Let me answer the rhetorical question I asked at the end of part 7 of this series. Why does the triple glazing (three separate panes of glass) in most European windows and doors (W&D) have much better insulating values than the triple glazing in most American windows? After all, besides having the same three panes of glass, they both have low-e coatings, argon gas between the panes, and special spacers between the panes to stop heat flow.
The reason is that American triple glazing (TG) is about 1” thick and European about 2” thick. With three panes of 1/8” glass, American TG has two cavities between the panes about 3/8” thick each. With the same three panes of 1/8” glass, European TG has the same two cavities between the panes, but each one is more than 3/4” thick. Because the cavities of both American and European TG are filled with argon or krypton gas, which greatly slows the flow of heat, the thicker cavities with more gas in the European W&D do a much better job of slowing heat loss.
So why aren’t American window companies making W&D with thicker glazing units? My guess is that they aren’t convinced that Americans are ready to pay the extra cost for them to re-tool their factories and then to make these vastly better products. The sashes (the part that opens and closes) would have to be thicker as would the frames (which greatly improves the insulating value of the frames!) That said, for one of our current projects, we priced American triple-glazed windows against European and were shocked to find that the European window quote was actually slightly lower than the American. Remember how American car manufacturers were forced to improve the mileage of their cars when customer demand for energy-efficient cars exploded? I think the same thing will happen in the window industry.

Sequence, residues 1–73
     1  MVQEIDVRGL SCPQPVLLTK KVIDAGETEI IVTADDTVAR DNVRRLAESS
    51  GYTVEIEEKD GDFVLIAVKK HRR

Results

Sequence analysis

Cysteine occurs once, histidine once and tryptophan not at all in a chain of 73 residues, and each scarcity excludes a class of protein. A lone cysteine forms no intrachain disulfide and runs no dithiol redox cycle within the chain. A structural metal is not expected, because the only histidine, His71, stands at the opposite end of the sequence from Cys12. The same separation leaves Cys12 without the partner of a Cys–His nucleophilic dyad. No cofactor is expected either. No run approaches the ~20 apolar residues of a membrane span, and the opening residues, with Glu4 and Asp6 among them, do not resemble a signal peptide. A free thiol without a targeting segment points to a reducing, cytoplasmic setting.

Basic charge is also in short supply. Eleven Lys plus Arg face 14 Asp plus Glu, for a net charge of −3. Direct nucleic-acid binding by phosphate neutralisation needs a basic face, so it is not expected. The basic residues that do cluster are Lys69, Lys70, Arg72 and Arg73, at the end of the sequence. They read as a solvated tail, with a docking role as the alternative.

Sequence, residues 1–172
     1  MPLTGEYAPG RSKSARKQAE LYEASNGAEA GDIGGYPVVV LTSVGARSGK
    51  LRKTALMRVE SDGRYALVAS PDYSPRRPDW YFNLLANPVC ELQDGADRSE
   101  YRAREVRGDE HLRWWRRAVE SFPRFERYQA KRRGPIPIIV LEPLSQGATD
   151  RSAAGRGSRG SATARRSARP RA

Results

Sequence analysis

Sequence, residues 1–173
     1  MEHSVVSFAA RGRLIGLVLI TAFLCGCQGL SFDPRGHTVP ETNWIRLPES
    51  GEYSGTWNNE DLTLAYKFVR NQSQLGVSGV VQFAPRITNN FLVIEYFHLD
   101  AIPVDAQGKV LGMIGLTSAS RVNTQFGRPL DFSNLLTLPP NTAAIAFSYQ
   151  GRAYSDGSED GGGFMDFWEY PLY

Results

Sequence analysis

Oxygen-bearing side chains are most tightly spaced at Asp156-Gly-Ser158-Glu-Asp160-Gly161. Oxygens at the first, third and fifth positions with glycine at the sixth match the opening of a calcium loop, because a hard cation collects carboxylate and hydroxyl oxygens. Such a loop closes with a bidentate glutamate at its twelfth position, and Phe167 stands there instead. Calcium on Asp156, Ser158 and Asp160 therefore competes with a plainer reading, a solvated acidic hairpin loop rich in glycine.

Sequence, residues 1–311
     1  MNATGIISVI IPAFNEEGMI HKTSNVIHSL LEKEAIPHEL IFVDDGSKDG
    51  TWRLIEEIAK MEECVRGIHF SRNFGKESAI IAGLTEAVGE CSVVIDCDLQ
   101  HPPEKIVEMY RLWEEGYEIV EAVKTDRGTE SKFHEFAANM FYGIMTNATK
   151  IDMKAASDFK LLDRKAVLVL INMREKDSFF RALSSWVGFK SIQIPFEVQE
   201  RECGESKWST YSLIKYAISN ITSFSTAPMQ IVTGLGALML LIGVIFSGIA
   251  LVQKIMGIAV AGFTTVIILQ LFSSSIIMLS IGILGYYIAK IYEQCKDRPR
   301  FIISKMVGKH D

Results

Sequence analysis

For my Passive House, I chose between three different triple glazings with slightly different performance values. For my south-facing windows, I chose glazing with a relatively high 61% solar heat gain coefficient (SHGC), because I wanted the sun’s heat during the cold months – and there’s no summer overheating problem because my roof overhang was designed to fully shade the windows during the summer months. For my east, west, and south-facing windows, I chose glazing with a lower 49% SHGC because I wanted the slightly better U-value (this is the inverse of R-value, so lower is better.)
The truly fascinating thing is that my windows, in total, supply much more heating energy than they lose on cloudy days and at night. If you look at the chart, you will see that there is at least some solar gain from windows facing in all four directions of the compass – even north – although there is a net gain only from the south. My south-facing windows help to heat a heavily insulated concrete slab under tile in my main living space. This prevents the house from overheating during the day and gently warms the house during the evening and night hours.
In my next post, I’ll provide details about the heating, cooling, and ventilation systems.